FRANKFURT (Reuters) - Germany imported 8.7% more natural gas in the first five months of 2020 than in the year earlier period but paid almost a third less for the supply, taking advantage of lower prices, official data showed on Thursday.
Gas, power and carbon traders follow gas imports because the supply and demand balance can change prices and traded volumes in all three markets.
Gas statistics also correlate with coal, which competes with gas in the production of electricity, and carbon emissions permits.
German January-May imports amounted to 2.5 billion Terajoules (TJ), or 72.5 billion cubic metres (bcm), compared with 2.3 billion a year earlier, said trade statistics office BAFA, which releases the data with a time lag.
May imports alone totalled 459,347 TJ, up 8% year-on-year.
Importers cut their bills to 8.4 billion euros (7.5 billion pounds) in the five months, paying 31.3% less than a year earlier as a supply glut weighed on market prices.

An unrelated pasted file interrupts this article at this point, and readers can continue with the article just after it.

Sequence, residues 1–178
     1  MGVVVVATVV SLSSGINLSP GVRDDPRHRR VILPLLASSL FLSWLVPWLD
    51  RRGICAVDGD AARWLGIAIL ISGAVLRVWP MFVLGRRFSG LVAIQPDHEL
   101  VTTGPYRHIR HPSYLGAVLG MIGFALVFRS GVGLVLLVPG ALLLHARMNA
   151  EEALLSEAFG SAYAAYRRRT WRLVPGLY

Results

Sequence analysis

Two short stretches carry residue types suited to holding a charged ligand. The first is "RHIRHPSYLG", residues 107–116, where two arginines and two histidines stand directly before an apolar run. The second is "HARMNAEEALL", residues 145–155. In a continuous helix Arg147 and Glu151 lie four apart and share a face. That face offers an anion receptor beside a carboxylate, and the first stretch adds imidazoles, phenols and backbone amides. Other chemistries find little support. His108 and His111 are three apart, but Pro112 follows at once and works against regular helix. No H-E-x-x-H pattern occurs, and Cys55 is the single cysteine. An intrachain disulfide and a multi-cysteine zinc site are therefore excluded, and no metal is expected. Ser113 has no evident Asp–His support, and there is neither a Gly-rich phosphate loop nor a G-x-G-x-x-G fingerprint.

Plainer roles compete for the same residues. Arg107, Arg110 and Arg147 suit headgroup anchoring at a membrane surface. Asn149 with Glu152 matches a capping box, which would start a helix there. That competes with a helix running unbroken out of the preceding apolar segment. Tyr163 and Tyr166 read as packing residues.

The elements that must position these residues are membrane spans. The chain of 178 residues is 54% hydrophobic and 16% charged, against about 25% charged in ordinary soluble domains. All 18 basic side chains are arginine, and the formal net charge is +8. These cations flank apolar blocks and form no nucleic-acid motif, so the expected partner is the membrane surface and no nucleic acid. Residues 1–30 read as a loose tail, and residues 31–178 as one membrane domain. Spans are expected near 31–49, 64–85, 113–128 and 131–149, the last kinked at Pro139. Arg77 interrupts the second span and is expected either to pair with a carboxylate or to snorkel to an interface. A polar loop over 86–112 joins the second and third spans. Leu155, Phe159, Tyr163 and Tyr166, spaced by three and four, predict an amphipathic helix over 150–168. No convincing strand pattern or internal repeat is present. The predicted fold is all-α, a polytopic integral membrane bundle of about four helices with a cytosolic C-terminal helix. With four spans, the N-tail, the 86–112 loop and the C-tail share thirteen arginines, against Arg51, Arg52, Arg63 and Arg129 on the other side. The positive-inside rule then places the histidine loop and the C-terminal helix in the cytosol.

Average prices paid on the border in May of 2,446.32 euros per TJ, which was equivalent to 0.88 euro cents per kilowatt hour (kWh), were down 42.6% from the same month in 2019.
Average border prices across January-May were down 36.2% year-on-year at 3,315.54 euros/TJ.
Germany mainly imports gas from Russia, Norway, the Netherlands, Britain and Denmark via pipelines, while imports of liquefied natural gas (LNG) also feature in the region.
German gas stocks were at 88% of available storage capacity on Tuesday, European gas infrastructure group GIE’s website showed, compared with 86% a year earlier.